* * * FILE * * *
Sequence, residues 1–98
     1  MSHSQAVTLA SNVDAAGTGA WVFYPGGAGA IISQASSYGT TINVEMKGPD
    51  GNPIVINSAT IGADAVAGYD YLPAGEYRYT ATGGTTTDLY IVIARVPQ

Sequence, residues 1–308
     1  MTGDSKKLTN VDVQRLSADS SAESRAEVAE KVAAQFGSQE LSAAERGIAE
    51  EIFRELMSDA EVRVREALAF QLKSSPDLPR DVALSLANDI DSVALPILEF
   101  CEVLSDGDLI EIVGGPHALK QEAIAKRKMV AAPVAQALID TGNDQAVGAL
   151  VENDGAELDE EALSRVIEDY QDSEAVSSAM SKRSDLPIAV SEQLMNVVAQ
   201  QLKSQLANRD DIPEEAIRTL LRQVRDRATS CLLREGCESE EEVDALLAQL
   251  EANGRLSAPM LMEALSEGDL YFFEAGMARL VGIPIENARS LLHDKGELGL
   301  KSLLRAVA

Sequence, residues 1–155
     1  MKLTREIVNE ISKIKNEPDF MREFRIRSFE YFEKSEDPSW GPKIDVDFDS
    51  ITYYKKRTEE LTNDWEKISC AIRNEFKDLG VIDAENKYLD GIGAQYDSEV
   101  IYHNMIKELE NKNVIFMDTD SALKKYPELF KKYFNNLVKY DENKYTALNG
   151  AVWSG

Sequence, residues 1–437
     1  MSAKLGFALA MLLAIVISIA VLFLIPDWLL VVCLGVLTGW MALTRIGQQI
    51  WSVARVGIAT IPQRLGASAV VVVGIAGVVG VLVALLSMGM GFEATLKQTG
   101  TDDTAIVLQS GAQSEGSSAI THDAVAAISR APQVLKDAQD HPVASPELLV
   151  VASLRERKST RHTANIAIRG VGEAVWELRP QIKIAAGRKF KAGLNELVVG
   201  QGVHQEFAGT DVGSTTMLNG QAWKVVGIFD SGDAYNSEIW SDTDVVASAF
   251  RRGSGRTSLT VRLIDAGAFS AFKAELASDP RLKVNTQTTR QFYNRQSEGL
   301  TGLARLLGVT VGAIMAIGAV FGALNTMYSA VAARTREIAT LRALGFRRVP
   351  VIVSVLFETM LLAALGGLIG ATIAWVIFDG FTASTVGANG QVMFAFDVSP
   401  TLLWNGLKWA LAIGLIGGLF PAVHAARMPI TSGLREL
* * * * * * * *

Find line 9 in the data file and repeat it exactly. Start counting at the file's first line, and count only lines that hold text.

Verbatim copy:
   201  QLKSQLANRD DIPEEAIRTL LRQVRDRATS CLLREGCESE EEVDALLAQL